Two of the pieces to be played by The Dulcinea String Quartet on 11 November are by two of our greatest composer, Joseph Haydn and Franz Schubert. But, as Nicholas Keyworth discovers, their respective approaches to the string quartet couldn’t have been more different…
Haydn’s influence on classical music was immense. He was a friend and mentor of Mozart, a teacher of Beethoven, and the older brother of composer Michael Haydn. During his long life he composed at least 68 string quartets. Indeed he is often referred to as the Father of the String Quartet being, in effect, the originator of this hugely popular musical form from the end of the 18th century onwards.
Part of this uniqueness in his approach to composition must arise from the fact that for most of his life Haydn worked in isolation from other composers and the musical trends of the time due to his long career as a court musician for the wealthy Esterházy family in their remote estate. In his own words he was ‘forced to become original’.
Nevertheless his music was widely circulated and he was regarded for much of his life as the most celebrated composer in Europe. Today, his chamber and orchestral music continues to be amongst the most performed music in the repertoire.
A clever business strategy of Haydn was to dedicate his string quartets to the rich and wealthy households of the time. One of these was Count Anton Georg Apponyi who paid 100 ducats for the privilege of having a set of six quartets publicly dedicated to him in 1793. One of these is also known as the ‘Rider’ or the ‘Horseman’ as a result of its ‘bouncing’ finale theme. This is the work which will be performed by the Dulcinea on 11 November.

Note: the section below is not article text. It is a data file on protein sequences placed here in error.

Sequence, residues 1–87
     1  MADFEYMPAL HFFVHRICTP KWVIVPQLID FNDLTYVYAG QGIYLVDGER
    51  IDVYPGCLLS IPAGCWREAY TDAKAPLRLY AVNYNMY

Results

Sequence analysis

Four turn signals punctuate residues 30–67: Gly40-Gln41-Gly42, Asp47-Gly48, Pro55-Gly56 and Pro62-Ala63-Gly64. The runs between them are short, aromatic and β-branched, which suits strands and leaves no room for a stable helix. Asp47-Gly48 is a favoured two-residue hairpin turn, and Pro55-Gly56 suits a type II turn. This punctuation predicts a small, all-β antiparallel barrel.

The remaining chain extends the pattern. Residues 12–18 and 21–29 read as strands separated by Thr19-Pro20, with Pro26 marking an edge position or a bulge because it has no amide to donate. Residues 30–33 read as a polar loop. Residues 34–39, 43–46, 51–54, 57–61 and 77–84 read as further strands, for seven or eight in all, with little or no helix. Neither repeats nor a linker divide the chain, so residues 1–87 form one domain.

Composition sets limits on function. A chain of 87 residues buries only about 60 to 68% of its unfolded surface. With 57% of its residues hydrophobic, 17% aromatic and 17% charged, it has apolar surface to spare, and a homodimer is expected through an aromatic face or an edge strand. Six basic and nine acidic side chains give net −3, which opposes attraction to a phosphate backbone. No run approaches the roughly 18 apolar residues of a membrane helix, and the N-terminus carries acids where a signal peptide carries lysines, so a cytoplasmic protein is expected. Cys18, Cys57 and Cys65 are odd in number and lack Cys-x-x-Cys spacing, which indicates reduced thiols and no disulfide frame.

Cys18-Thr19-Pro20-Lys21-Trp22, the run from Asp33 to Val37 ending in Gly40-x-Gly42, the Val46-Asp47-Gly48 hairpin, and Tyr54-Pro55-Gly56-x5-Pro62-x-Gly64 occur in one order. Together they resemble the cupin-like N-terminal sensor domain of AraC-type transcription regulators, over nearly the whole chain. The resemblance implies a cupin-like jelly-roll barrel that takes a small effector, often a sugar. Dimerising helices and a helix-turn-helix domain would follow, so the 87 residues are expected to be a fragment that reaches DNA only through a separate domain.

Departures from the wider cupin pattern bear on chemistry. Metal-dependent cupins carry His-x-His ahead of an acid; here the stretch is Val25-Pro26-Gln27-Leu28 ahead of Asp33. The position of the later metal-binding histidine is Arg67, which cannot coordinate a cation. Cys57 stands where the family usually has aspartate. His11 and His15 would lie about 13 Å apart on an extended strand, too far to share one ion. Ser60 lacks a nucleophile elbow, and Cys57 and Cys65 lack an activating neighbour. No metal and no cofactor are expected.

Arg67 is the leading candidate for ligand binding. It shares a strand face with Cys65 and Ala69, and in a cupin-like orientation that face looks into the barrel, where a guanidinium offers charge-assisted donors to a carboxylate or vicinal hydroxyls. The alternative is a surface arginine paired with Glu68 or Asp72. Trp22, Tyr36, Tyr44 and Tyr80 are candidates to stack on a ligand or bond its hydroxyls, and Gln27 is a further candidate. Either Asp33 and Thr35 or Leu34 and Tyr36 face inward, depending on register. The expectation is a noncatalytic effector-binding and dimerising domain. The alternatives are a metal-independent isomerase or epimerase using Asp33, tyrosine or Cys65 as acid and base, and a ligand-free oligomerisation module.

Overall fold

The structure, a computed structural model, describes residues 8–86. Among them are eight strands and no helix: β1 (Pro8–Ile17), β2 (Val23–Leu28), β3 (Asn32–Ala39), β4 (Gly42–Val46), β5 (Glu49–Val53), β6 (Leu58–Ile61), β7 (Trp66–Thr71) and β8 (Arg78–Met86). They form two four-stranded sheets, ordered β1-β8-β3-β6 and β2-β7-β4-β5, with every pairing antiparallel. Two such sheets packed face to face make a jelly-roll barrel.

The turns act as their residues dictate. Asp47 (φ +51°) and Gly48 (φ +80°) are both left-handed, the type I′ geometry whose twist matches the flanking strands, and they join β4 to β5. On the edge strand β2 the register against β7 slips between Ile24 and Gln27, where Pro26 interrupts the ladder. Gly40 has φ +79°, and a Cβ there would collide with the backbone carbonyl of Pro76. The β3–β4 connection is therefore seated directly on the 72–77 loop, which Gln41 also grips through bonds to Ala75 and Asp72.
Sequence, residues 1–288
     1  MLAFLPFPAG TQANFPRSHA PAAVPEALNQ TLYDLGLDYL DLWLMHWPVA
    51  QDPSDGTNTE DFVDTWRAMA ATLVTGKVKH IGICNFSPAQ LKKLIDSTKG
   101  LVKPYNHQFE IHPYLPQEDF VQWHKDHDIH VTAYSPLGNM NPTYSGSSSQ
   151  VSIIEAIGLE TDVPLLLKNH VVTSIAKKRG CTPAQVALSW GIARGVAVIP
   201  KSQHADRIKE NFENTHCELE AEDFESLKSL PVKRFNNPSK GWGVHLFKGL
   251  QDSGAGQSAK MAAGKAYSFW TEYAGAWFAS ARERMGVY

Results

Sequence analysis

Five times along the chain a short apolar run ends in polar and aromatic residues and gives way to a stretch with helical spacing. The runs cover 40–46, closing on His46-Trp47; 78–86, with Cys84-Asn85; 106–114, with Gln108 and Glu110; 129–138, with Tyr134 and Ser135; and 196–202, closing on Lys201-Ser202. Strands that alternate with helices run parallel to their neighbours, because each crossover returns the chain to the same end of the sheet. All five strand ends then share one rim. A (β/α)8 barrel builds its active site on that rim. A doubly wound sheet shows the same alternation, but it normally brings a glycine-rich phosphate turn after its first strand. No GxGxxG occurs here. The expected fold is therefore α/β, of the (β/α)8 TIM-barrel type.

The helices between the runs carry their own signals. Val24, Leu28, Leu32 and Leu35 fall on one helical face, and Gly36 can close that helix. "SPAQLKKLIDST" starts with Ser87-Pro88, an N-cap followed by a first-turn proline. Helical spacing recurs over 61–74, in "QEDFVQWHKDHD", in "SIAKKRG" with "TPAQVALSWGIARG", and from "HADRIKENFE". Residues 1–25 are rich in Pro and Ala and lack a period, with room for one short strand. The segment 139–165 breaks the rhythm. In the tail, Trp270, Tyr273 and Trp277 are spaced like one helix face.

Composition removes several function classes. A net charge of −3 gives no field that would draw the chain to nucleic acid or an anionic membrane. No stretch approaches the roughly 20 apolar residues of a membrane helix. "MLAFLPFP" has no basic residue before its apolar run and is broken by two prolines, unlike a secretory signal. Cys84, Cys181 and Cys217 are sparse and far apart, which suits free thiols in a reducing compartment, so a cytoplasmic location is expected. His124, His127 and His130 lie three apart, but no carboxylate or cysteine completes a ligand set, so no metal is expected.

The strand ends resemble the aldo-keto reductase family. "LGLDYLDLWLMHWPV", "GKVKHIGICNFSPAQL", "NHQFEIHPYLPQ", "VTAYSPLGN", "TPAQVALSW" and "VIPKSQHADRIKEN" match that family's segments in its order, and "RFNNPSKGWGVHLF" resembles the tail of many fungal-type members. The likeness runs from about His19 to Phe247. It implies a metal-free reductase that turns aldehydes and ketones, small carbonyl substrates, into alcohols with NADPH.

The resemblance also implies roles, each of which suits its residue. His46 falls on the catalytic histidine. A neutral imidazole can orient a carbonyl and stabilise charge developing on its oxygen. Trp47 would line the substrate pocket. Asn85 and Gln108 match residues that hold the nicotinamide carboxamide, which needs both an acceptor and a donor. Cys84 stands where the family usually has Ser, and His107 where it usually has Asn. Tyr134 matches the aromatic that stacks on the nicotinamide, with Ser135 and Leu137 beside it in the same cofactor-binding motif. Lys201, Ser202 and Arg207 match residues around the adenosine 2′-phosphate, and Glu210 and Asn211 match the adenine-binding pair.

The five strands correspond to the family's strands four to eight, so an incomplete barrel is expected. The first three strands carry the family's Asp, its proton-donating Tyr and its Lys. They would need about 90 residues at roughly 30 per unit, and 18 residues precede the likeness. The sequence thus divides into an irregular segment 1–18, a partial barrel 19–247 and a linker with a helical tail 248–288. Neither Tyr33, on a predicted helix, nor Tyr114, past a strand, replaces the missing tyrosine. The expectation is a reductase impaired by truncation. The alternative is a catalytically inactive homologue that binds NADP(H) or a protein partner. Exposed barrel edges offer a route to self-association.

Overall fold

Although Franz Schubert died in 1828 aged only 31, he too was also extremely prolific during his lifetime, But by contrast, Schubert’s great output was songs with a catalogue of over 600 secular vocal works. Many of these were Lieder settings of German poems.
But when he was young he was clearly influenced by the great Haydn and by the age of 19 Schubert had completed 11 string quartets. But it was not until he was 27 that he embarked on his 12th quartet. After completing the opening movement, he started to write an Andante second movement – but that was it! And, as with his famous ‘unfinished’ symphony no one really knows why!
Did he get distracted by another musical project? Was he unhappy because it felt like a backward step in his writing? Or was it that after such a powerful first movement he was unable to come up with an effective one to follow it?
Schubert did write and complete a further three quartets after a gap of four years but he never returned to complete his 12th. Following his death, Schubert’s brother Ferdinand sold the incomplete manuscript which found its way into the ownership of Brahms who edited the score and gave it its posthumous premiere in 1867. And we are also lucky to be able to hear this fascinating 8 minute work as part of the concert by the Dulcinea on 11 November.
The Dulcinea String Quartet
Josef Haydn String Quartet op.74 no.3 ‘Rider’ Franz Schubert Quartettsatz D 703
Saturday 11 November
Old Theatre Royal, Bath